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25 September 2017

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Jack

Walrus,

IMO, Rocket Man needs to act simian for his own domestic audience. He's gonna keep developing his nuclear strike capabilities. He's really got no choice. That's his only insurance policy.

Steve Bannon had it right. Unless a US administration is willing to sacrifice millions in Seoul and never be forgiven for that by the Koreans, Rocket Man can keep thumbing his nose.

It seems the South Koreans are already trying to defuse the situation by sending the north humanitarian aid. Another South Korean president had to push back one of the liberals favorite US president who wanted to take out Rocket Man's dad.

https://www.forbes.com/sites/dougbandow/2015/11/26/laying-south-koreas-kim-young-sam-to-rest-former-president-stopped-second-korean-war/amp/

semiconscious

'If not, then the ball is now in North Korea's court...'

is that 'the ball' or 'the scat'? cuz all i can see is scat being tossed from both cages. & i'm not so sure there's really any 'taking turns' going on any more :) ...

JamesT

I think if it goes full out nuclear the NK leadership will do all it can to make the US an international pariah. So they will attempt to take as many Japanese, Chinese, and Russians with them as they can (in addition to the South Koreans).

China has said that if the US attacks first China will enter the war on the side of NK. Since the Chinese population is at risk, this is not irrational in my opinion.

Fred

Jack,

So Kim Jong Un will stop when he has what, parity? What's to stop the transer of the capability to some other country?

ex-PFC Chuck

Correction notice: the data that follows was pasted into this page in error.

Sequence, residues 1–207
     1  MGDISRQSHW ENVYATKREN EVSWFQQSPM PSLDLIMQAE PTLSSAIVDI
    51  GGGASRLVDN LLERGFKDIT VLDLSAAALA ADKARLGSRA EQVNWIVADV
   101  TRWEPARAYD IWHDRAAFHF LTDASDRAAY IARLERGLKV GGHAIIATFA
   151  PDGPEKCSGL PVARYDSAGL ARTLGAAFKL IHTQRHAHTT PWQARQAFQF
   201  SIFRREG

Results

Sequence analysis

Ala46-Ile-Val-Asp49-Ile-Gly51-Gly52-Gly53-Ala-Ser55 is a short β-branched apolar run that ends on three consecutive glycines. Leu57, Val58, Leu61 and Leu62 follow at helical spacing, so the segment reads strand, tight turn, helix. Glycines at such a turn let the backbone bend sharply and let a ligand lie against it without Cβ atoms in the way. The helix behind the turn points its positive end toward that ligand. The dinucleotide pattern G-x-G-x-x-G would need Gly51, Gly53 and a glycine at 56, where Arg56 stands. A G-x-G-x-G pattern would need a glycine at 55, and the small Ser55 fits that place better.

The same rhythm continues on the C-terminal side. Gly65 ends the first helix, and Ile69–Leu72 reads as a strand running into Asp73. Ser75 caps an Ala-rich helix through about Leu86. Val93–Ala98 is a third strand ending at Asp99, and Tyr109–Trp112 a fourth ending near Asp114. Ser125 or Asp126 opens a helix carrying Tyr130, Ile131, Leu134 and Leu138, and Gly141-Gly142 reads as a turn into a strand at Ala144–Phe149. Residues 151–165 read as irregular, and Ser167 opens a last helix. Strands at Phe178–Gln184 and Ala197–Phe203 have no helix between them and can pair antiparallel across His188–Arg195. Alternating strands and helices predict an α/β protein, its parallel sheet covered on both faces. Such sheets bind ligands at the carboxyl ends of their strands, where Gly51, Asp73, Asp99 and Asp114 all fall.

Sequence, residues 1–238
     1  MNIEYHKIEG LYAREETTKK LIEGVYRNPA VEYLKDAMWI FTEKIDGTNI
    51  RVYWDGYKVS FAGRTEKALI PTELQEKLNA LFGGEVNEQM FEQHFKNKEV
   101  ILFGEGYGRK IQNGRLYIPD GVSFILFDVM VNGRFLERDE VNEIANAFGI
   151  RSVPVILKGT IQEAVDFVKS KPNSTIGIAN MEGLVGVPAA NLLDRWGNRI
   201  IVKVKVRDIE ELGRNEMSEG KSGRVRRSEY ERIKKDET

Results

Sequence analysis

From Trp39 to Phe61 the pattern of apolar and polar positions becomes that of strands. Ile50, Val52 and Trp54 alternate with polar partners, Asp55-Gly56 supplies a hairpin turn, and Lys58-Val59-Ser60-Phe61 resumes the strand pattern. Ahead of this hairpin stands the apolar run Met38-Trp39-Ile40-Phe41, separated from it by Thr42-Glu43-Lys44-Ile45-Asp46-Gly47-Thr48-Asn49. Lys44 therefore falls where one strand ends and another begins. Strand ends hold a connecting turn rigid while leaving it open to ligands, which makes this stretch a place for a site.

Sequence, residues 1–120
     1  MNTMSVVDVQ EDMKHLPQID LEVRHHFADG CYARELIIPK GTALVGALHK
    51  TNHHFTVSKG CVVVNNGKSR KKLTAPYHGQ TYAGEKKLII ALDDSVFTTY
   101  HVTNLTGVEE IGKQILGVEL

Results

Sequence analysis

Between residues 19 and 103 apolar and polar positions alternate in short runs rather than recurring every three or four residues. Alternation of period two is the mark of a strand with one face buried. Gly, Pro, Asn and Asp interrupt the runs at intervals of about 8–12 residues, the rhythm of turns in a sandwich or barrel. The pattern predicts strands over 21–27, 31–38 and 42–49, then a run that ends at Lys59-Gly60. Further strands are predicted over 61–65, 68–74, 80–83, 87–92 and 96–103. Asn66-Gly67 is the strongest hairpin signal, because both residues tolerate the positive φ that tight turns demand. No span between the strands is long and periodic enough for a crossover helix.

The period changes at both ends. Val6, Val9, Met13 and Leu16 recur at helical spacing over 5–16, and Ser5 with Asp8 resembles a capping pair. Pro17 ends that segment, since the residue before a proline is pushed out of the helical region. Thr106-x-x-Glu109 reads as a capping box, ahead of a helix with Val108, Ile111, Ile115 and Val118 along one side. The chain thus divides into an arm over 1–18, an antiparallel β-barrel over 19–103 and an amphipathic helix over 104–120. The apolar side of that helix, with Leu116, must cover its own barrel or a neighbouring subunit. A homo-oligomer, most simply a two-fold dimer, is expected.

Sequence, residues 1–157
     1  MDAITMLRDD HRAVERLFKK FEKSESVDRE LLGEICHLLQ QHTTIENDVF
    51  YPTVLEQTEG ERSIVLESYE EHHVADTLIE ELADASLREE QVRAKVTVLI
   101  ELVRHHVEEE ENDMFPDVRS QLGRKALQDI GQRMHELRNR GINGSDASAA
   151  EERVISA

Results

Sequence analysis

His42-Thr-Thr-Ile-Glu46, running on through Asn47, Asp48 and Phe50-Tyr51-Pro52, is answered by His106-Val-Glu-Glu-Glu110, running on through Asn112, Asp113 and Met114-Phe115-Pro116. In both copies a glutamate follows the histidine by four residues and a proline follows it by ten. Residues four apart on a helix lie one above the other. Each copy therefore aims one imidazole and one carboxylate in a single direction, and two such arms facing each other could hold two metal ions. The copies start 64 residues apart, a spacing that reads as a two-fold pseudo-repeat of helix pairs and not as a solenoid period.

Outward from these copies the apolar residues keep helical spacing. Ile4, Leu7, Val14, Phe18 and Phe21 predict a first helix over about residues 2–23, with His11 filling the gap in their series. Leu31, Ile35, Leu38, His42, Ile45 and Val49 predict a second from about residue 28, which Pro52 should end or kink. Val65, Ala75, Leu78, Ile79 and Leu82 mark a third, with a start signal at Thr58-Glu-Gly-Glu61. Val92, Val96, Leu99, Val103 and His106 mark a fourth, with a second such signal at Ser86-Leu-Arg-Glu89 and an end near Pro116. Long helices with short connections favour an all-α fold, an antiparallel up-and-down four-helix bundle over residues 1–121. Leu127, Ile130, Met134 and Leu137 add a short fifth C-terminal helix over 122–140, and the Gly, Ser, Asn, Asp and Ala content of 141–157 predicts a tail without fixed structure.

"Word[s] matter and President Trump is an expert wordsmith. Despite what some people might think, his characterizations like "Lyin' Ted Cruz", "Crooked Hillary", etc. , struck deep into the subconscious of the American public where they sat and festered, likewise his tweets. "Rocket Man" is no idle jibe coming from such and experienced practitioner, what is Trump thinking?

Bingo! One of the first people of some prominence to predict that Trump would win both the GOP nomination and the presidential election was Scott Adams, the author of the syndicated comic strip Dilbert. He made that prediction on his blog in June or July of 2015, not long after The Donald had announced his candidacy. At the time many people were confident that it was only a matter of days, or weeks at most, until he announced his withdrawal.

Adams describes himself as, among other things, a life-long student of the art of persuasion and asserted that he had never seen anyone so skilled therein. Several of his blog posts dealt with this specific aspect of Trump's campaign. He called such tags "anchors," or something similar. (That word doesn't sound quite right to me but I'm drawing a blank on the term Adams used.) One that he thought was especially effective was "low energy JEB." I agree that "Rocket man" is another effective anchor, whether deliberately thought out or intuitively thrown out there by the Trumpster. As Col. Lang wrote in a comment a day or two ago, when the simians start throwing s**t at each other the danger of one of the getting POed to the point that he throws down the gauntlet increases. But people forget that when the parties are ratcheted up to high DEFCON levels and the DPRK equivalent thereof, the danger of something happening down the chain of command increases as well. Two such incidents (that we know of; there may have been more) happened during the Cuban Missile crisis that came very over the edge. Next time our fate may not be in the hands of such level-headed junior officers.